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Skeletal muscle dysfunction and exercise intolerance in heart failure

Author
Wilson S Colucci, MD
Section Editor
Stephen S Gottlieb, MD
Deputy Editor
Susan B Yeon, MD, JD, FACC

INTRODUCTION

The hallmark of heart failure (HF) is exercise intolerance due to dyspnea and fatigue. These symptoms were, in the past, thought to result entirely from central hemodynamic derangements, which might be reversed by inotropic agents and/or vasodilators. (See "Inotropic agents in heart failure with reduced ejection fraction" and "ACE inhibitors in heart failure with reduced ejection fraction: Therapeutic use".)

However, it is now clear that significant skeletal muscular pathology is also present in HF and may contribute to the associated symptoms [1]. The evidence associating skeletal muscular abnormalities and exercise intolerance, and the beneficial effects of cardiac rehabilitation for patients with HF will be reviewed here. An overview of normal exercise physiology, the use of measurement of peak oxygen uptake (peak Vo2) to assess exercise capacity and prognosis, and the ability of cardiac rehabilitation to improve exercise capacity in patients with mild to moderate HF are discussed separately. (See "Exercise physiology" and "Exercise capacity and VO2 in heart failure" and "Cardiac rehabilitation in patients with heart failure".)

IMPACT OF MEDICAL THERAPY ON EXERCISE TOLERANCE

Exercise capacity is reduced even in mild heart failure. Exercise intolerance and fatigue may be the result of a reduction in cardiac output, which is due primarily to impaired myocardial function, and may be exaggerated by decreased plasma and blood volumes caused by excessive diuresis [2]. Although the cardiac output may be relatively normal at rest, it is usually unable to increase adequately with even mild exertion [3]. As in normal subjects, peak Vo2 in patients with heart failure (HF) is directly related to peak exercise cardiac output and muscle blood flow (figure 1). However, the inability to appropriately increase cardiac output in HF results in an insufficient increase in perfusion to exercising muscle, which can cause early anaerobic metabolism, an inadequate increase in muscle strength, and muscle fatigue [4].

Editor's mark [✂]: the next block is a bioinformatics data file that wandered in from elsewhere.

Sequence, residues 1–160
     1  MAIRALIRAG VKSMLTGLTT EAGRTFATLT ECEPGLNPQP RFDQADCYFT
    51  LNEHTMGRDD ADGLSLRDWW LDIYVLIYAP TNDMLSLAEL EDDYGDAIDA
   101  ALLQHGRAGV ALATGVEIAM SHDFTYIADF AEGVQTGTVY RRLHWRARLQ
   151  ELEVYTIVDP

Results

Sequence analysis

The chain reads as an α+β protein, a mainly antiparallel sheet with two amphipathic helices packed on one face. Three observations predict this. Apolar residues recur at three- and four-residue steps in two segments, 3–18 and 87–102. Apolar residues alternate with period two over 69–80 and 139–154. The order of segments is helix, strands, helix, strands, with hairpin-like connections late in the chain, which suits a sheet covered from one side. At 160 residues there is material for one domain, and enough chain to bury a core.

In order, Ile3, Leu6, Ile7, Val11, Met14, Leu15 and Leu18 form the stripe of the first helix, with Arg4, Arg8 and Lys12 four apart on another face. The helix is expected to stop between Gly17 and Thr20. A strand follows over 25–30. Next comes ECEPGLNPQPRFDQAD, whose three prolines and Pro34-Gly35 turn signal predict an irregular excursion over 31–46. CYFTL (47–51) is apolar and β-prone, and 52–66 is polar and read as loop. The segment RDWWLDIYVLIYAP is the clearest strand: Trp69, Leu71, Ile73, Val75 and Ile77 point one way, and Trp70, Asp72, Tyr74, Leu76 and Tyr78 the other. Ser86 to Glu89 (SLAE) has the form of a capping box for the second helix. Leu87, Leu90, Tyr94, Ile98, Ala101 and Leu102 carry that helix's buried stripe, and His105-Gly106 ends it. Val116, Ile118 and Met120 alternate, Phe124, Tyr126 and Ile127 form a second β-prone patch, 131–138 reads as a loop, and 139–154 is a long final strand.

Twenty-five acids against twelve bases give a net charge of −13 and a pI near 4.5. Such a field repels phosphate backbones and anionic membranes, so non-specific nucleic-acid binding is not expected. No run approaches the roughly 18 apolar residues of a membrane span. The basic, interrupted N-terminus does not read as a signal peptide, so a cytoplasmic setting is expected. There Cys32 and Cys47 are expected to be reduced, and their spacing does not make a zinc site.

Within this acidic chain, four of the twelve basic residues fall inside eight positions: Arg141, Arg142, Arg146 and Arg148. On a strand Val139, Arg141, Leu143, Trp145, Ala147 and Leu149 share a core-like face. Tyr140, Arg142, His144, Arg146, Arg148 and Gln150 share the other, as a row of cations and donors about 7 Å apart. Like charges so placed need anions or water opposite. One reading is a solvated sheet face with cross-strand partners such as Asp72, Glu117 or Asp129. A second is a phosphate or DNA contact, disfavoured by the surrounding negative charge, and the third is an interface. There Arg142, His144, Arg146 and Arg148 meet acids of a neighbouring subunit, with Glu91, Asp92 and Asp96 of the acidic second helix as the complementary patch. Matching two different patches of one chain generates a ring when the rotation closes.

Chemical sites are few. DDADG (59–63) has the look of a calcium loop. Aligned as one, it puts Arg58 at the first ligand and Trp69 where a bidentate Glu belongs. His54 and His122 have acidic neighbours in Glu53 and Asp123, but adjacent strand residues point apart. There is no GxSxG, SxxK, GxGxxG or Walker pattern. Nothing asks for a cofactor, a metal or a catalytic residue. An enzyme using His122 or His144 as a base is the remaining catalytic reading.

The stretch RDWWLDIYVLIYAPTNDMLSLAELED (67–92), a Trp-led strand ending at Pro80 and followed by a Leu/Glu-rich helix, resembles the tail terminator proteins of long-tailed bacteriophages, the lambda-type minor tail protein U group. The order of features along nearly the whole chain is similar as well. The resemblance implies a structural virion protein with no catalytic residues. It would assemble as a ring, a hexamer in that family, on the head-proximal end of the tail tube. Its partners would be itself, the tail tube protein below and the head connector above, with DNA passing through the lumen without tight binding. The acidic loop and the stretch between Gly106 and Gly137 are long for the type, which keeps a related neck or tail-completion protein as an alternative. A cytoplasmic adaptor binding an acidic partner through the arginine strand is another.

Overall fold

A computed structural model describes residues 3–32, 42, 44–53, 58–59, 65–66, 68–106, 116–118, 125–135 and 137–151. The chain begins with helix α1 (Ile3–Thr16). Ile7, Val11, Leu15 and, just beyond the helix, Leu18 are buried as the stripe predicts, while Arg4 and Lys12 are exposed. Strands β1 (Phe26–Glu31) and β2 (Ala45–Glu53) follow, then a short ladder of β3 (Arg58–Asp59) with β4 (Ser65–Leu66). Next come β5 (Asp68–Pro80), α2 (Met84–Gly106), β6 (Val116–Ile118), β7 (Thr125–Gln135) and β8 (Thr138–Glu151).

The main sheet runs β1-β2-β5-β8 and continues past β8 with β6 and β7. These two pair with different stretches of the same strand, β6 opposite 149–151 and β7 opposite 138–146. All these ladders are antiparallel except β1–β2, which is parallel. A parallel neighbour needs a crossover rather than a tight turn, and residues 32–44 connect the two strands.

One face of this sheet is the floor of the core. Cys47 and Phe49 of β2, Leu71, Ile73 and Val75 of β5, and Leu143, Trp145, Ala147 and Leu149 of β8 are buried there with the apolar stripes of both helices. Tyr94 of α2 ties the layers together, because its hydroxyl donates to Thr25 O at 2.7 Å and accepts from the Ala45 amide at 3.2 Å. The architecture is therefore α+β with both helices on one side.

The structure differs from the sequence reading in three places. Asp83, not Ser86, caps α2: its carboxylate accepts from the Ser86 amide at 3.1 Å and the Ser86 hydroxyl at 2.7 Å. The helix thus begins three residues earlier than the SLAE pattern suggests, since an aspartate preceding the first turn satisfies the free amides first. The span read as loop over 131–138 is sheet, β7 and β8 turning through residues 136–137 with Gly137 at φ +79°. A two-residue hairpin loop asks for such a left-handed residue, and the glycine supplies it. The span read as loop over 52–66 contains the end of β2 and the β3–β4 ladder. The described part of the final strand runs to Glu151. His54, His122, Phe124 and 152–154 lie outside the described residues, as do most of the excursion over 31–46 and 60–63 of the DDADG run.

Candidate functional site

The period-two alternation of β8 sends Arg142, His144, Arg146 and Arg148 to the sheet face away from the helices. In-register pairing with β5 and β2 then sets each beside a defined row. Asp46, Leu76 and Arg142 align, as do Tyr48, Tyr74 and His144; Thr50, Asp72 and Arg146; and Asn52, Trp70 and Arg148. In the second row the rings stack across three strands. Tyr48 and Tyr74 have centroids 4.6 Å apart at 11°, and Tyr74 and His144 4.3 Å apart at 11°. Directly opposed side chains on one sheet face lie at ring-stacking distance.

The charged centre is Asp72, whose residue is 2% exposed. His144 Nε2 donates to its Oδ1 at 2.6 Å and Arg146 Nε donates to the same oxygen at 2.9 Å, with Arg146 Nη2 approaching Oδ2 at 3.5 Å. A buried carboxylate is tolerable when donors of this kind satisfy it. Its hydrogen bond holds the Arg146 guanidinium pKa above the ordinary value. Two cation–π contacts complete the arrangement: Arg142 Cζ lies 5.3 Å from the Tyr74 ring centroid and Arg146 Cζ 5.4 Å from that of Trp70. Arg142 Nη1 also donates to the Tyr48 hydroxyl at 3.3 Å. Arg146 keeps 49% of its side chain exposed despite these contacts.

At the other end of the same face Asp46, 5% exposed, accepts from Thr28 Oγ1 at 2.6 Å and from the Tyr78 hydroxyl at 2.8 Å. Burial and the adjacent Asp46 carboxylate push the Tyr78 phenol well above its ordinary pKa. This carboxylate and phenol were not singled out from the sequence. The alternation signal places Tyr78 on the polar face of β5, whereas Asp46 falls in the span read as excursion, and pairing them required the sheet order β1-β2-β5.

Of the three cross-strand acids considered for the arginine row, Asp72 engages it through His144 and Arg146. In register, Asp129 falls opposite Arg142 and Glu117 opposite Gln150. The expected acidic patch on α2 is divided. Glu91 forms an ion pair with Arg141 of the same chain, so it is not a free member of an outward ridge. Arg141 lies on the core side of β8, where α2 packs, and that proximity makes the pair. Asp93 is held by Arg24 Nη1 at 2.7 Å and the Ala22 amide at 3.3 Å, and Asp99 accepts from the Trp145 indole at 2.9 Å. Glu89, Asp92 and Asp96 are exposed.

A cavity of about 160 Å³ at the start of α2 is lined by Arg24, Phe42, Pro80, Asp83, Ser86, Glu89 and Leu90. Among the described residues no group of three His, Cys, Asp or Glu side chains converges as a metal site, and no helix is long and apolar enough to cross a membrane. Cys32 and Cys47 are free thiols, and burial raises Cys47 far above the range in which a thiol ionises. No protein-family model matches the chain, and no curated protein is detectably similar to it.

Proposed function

With the success of medical therapy for HF in the early 1980s, several investigators evaluated the acute impact of inotropic agents and vasodilators on exercise capacity in patients with HF. As an example, one study evaluated 11 patients with New York Heart Association (NYHA) class III HF and a mean left ventricular ejection fraction (LVEF) of 20 percent who underwent exercise on a bicycle ergometer before and during infusion of dobutamine [5]. Although dobutamine improved peak exercise cardiac output (6.5 versus 7.4 L/min, p <0.01) and reduced pulmonary capillary wedge pressure (PCWP), it failed to significantly increase exercise duration (5.5 versus 5.8 minutes).

Another study investigated the effect of the potent vasodilator hydralazine on blood flow to exercising skeletal muscle and exercise capacity in 10 patients with NYHA class III HF and a mean LVEF of 19 percent [6]. Hydralazine, administered intravenously, substantially increased peak cardiac output during exercise on a bicycle ergometer (5.6 versus 6.7 L/min, p <0.01) and improved femoral venous flow, indicating improved femoral arterial flow and delivery of oxygen to the exercising skeletal muscle. However, maximal oxygen consumption (Vo2max) was unaffected because of a reduction in systemic and leg oxygen extraction after hydralazine administration.

        

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Literature review current through: Nov 2016. | This topic last updated: Wed Apr 29 00:00:00 GMT+00:00 2015.
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